I’m writing this post the evening before you will actually be reading it… The forecast for tomorrow has me dreading the day…
A few showers in the morning with precipitation turning to a mixture of rain and snow in the afternoon. High 41F. SSW winds shifting to NW at 10 to 20 mph. Chance of precipitation 70%.
Cold and wet. Fun. Sometimes I hate winter. My brother in law asked me if I could imagine myself living in a climate where I could sit out on the balcony anytime of the year and be warm. I said yes. It seems like a no-brainer! I would have no trouble at all giving up the seasons. Christmas with palm trees? Sure, bring it on!
But then I stumbled on this photo.
At first I thought it was part of some ancient ruins of some beautiful (and no doubt warm and exotic) place. Then I looked for the context and discovered that it is a snowflake. Can you believe that?
Actually, apparently it’s called a Graupel, which is not technically a snowflake, but a snow pellet. What’s the difference, you ask? Well, since I just learned this myself, I am able to share my new found wisdom. The term graupel “refers to precipitation that forms when supercooled droplets of water condense on a snowflake, forming a 2–5 mm ball of rime; the snowflake acts as a nucleus of condensation in this process. The term is derived from German Graupel meaning the same. Graupel does not include other frozen precipitation such as snow, hail, ice pellets or diamond dust.”
That’s what they have to say about it on Wikepedia, anyway.
Actually, they also had this to say… “Under some atmospheric conditions, snow crystals may encounter supercooled cloud droplets. These droplets, which have a diameter of about 10 µm, can exist in the liquid state at temperatures as low as −40 °C, far below the normal freezing point. Contact between a snow crystal and the supercooled droplets results in freezing of the liquid droplets onto the surface of the crystal. This process of crystal growth is known as accretion. Crystals that exhibit frozen droplets on their surfaces are referred to as rimed. When this process continues so that the shape of the original snow crystal is no longer identifiable, the resulting crystal is referred to as graupel.”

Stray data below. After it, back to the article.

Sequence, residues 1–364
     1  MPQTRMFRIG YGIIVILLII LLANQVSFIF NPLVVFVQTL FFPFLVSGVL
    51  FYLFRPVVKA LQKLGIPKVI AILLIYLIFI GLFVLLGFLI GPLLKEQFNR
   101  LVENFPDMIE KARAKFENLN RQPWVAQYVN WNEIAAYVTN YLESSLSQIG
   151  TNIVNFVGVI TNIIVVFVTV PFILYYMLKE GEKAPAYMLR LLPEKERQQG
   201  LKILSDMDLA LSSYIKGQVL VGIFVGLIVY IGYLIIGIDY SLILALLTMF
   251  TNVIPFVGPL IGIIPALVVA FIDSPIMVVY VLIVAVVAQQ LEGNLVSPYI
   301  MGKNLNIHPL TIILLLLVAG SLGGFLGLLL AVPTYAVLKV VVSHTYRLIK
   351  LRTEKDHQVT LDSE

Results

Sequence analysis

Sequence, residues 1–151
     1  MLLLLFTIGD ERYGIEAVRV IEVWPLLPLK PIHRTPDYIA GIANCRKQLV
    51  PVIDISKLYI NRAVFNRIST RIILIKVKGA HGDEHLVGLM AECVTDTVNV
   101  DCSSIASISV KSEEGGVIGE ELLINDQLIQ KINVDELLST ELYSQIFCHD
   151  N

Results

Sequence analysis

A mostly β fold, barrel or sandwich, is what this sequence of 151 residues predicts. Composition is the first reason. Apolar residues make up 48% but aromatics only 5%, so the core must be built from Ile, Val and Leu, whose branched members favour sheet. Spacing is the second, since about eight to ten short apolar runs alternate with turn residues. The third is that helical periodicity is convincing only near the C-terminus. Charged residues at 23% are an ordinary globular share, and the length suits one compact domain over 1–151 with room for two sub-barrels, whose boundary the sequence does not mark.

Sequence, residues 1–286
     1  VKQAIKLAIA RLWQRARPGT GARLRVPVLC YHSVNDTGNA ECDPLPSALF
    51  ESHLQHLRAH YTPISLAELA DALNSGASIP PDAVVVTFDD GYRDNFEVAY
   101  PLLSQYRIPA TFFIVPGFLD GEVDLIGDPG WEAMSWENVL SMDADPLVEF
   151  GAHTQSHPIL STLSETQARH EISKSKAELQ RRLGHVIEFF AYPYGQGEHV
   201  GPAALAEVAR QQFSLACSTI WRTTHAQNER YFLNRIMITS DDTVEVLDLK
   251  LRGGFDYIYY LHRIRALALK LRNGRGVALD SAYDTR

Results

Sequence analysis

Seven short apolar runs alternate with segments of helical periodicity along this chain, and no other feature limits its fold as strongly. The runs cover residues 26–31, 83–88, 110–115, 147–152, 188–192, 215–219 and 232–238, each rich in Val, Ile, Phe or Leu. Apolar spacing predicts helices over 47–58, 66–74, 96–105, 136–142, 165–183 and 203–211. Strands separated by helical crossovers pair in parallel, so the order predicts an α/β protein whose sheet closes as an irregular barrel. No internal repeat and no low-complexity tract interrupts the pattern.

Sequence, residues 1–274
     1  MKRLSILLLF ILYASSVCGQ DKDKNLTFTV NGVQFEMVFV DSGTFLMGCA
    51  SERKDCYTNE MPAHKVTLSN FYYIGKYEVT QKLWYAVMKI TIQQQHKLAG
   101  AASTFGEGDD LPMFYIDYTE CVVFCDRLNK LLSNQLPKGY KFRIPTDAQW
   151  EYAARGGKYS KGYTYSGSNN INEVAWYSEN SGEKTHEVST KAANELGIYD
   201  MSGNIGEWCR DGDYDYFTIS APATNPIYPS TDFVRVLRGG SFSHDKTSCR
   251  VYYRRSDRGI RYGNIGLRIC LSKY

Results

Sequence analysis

That is certainly a snowflake. Or at least, I am fairly certain that that is certainly a snowflake. The above image was obtained using a Low Temperature Scanning Electron Microscope. I have no idea what that is.
But I hadn’t intended for this post to be a science lesson…
The point was supposed to be that suddenly, I realized how ungrateful I am for snow. Honestly, I don’t suddenly feel grateful, just because I found those incredible pictures… it’s just that I feel like I should feel grateful, and I will try harder to remember that.
Isn’t it just amazing that God put all that detail into something so tiny, and melty? Snowflakes melt in seconds – and yet every one of them is that extravagantly structured! I think He must be pleased when we observe His handi-work and enjoy it with Him.
It’s not like we have to look at it that closely to see the beauty, either… Even I, who hates winter more than most, must admit that this is beautiful. The fact that it is beautiful on so many levels is just something I can barely get my brain around.
So, I’m challenging myself to try to see the beauty in things. Even if I can’t constantly do that, I should be able to trust that there is amazing, complex beauty and purpose to all things…